Sullivan has taken high profile positions against the positions of the two most powerful Republican politicians in the state (while she has also worked with them on other issues). She has questioned the push by Governor Bob McDonnell to cap the use of tuition dollars to pay for financial aid for other students. (Governor McDonnell issued a statement of praise for Sullivan on Sunday.)

She also resisted many of the efforts of Attorney General Kenneth T. Cuccinelli II to obtain records of a former faculty member who works on climate change. Cuccinelli argued that the records might show flaws in climate change research while many academic groups argued that he was trying to intimidate researchers who hold the consensus view that climate change is real. The Virginia Supreme Court in March backed the university's position that Cuccinelli did not have a right to all of the papers.

The university's Facebook page on Sunday afternoon was the site of much digital protest of Sullivan's ouster. There were a few anti-Sullivan comments, with one post calling her "politically correct." But the vast majority of comments were a mix of praise for Sullivan (she was called "a breath of fresh air" and praised for concern for students and faculty members) and anger over the explanation offered by the university. "The public statement is total doublespeak and the university community deserves more," said one comment. "This smells to high heaven," said another. Much of the criticism focused on the rector's statement, with one alumnus calling it "appalling."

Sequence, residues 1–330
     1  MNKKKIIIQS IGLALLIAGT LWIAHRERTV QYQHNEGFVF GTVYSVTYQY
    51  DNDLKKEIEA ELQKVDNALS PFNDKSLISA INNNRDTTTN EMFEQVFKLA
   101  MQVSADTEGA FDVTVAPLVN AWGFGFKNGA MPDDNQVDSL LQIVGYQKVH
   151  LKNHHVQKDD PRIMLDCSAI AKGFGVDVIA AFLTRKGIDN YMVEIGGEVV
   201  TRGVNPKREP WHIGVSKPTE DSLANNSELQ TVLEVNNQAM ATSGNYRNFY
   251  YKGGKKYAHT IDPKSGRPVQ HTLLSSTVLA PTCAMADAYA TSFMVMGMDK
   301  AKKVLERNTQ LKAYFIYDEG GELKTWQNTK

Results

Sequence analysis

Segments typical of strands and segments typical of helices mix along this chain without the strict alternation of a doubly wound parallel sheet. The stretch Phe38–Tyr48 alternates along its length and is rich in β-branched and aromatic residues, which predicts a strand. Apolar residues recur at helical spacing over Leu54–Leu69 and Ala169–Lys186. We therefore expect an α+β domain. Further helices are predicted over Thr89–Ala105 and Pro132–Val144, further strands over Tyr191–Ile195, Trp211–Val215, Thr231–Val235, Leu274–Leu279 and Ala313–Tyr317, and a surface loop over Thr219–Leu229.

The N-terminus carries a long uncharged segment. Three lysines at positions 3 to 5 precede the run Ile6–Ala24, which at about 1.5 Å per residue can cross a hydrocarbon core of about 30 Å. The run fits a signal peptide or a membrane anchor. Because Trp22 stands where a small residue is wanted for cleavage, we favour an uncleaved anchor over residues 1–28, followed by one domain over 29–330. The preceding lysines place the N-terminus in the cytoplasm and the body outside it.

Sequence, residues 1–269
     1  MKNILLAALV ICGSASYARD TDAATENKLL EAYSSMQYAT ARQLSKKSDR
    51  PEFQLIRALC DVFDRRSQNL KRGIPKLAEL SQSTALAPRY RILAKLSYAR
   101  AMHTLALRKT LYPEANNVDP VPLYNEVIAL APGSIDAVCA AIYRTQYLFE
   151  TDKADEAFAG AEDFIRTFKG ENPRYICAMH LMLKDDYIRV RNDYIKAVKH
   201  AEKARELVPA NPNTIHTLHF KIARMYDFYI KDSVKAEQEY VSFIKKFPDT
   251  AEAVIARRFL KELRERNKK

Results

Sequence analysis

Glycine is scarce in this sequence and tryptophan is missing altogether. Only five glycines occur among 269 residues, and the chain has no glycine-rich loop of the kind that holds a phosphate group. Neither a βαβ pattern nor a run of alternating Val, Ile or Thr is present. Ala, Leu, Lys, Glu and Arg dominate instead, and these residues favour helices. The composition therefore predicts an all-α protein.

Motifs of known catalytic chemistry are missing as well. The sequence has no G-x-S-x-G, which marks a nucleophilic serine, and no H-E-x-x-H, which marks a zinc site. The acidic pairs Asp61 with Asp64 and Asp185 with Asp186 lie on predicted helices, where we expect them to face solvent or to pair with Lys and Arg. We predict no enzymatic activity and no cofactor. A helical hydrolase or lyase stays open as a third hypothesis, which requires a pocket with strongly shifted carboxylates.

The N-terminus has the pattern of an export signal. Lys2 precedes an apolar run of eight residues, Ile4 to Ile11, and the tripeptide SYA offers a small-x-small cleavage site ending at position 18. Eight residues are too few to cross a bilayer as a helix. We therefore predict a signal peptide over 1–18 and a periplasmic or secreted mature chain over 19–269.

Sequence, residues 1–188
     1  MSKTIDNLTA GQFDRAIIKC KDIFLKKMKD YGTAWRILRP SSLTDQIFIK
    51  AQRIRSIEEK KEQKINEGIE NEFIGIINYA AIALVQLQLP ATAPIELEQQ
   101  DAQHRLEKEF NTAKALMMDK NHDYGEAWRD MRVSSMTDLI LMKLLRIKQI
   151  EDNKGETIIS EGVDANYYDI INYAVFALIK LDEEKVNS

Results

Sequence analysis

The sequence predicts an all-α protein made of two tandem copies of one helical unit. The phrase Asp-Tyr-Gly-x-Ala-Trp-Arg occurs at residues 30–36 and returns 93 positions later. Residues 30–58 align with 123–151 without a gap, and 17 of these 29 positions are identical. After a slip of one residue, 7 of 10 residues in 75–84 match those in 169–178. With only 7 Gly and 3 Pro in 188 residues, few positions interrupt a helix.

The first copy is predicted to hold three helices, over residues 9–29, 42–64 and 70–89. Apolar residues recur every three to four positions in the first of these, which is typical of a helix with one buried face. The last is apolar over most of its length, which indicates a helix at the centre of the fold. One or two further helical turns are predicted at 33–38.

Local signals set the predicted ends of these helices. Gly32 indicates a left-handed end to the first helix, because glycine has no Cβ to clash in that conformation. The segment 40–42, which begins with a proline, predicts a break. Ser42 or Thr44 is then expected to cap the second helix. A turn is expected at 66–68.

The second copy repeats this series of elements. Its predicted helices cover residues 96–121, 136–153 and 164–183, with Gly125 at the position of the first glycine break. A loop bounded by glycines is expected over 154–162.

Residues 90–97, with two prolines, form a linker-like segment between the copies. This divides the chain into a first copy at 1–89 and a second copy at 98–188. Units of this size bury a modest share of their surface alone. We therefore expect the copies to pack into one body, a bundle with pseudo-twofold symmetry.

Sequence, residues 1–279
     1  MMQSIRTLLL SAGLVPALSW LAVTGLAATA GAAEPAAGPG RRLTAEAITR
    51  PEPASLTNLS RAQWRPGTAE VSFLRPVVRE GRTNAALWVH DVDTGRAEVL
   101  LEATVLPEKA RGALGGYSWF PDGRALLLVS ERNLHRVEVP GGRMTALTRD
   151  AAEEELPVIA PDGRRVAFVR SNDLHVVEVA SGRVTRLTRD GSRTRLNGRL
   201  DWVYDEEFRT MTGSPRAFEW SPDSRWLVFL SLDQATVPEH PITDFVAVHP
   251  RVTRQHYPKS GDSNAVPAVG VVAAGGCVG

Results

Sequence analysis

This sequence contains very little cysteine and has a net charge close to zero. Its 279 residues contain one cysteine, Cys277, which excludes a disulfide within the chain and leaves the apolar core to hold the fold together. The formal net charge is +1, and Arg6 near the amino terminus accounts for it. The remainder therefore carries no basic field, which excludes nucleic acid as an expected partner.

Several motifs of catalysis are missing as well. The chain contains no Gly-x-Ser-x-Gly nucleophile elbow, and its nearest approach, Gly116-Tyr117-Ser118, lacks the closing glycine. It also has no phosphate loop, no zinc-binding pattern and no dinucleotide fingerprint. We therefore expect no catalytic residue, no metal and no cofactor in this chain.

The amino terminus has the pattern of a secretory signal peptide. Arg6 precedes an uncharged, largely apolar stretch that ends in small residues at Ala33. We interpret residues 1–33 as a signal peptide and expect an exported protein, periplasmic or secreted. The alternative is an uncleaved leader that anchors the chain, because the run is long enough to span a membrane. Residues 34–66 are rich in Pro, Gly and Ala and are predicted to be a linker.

This being a controversy about the University of Virginia, Mr. Jefferson was quoted. One comment addressed to the Board of Visitors said: "BOV how about the Truth, wherever it may lead ... sound familiar??"